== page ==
In the first presidential debate, Mitt Romney said he would eliminate federal funding for PBS. President Obama and other Democrats have frequently reminded people of that, which suggests they think that it's an unpopular position. A CNN/Opinion Research Corporation survey in 2011 gave people a list of ten programs, and asked if federal funding should be increased, kept the same, decreased a little, decreased a lot, or eliminated entirely. If you give the options scores of 1 to 5, with 1 representing a spending increase and 5 representing elimination, the averages are:
Social Security 1.78
Housing assistance for poor 2.06
Food for poor 2.08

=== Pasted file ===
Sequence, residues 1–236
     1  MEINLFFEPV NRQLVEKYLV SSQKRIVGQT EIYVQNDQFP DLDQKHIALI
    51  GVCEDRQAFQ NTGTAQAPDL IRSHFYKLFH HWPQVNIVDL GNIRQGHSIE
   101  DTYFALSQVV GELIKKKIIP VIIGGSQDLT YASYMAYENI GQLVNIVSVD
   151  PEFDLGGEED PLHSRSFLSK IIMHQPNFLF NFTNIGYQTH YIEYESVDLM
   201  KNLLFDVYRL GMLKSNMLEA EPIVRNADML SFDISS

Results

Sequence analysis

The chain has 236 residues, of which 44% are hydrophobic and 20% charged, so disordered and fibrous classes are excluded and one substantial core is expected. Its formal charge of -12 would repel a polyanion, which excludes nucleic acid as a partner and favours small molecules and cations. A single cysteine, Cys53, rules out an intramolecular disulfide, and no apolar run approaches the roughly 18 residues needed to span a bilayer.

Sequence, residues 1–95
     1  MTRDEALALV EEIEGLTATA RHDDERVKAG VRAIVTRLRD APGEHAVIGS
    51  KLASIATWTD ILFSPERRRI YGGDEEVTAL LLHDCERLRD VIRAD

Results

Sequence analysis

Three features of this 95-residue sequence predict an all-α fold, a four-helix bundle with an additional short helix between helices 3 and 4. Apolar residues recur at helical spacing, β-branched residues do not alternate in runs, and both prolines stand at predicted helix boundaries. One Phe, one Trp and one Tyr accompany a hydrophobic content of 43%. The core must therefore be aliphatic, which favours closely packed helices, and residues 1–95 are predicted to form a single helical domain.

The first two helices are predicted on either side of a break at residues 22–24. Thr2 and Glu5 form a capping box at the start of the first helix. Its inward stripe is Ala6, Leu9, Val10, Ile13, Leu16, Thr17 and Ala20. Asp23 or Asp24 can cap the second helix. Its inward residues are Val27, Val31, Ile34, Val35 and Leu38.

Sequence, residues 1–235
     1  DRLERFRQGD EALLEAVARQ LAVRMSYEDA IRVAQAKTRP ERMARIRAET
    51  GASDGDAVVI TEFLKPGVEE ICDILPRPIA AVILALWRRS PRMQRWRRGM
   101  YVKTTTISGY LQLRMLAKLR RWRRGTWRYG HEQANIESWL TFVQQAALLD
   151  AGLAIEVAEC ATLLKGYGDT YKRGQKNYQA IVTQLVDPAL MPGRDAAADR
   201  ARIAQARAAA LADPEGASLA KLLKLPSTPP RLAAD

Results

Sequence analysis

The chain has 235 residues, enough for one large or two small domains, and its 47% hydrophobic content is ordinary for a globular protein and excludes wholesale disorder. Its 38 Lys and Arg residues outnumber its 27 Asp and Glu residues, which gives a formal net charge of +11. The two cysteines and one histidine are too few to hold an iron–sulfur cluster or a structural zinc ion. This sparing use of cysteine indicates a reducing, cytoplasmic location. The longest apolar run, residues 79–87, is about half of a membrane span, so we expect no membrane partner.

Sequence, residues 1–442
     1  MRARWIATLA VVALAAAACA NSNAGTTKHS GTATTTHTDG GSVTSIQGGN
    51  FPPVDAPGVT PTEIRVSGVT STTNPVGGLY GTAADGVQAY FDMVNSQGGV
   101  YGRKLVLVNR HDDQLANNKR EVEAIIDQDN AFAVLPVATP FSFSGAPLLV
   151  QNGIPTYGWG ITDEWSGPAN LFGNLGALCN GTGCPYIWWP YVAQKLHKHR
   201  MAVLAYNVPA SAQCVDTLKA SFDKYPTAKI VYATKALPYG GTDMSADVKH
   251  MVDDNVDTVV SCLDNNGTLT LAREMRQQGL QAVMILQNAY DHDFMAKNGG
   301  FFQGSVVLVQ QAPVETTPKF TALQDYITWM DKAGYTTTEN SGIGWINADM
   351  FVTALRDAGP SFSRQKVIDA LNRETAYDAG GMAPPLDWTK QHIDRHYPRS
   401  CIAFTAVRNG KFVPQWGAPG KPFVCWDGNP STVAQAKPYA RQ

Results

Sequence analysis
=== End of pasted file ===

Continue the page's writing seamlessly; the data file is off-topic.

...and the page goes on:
Military spending 2.21
Gov't pensions 2.68
Public broadcasting 2.74
Foreign aid 2.91
So spending for public broadcasting is second from the bottom in terms of public priorities, finishing ahead of only "aid to foreign countries for international development and humanitarian assistance" (the survey included descriptions of most of the programs--I just give shortened labels). So Mitt Romney was right to go after PBS, at least in a political sense. The relative lack of support for public broadcasting probably doesn't
represent anti-intellectualism, since education spending gets the most
support. My guess is that people see public broadcasting as less essential, or something that could be replaced by private contributions.
On the other hand, people aren't in favor of big cuts in any program--the mean is in favor of increasing spending for education, Medicaid, and Social Security and at keeping spending the same for Medicaid (which the survey describes as "the federal health program for the poor"). Even for foreign aid, the mean was in between kept the same and decreased a little.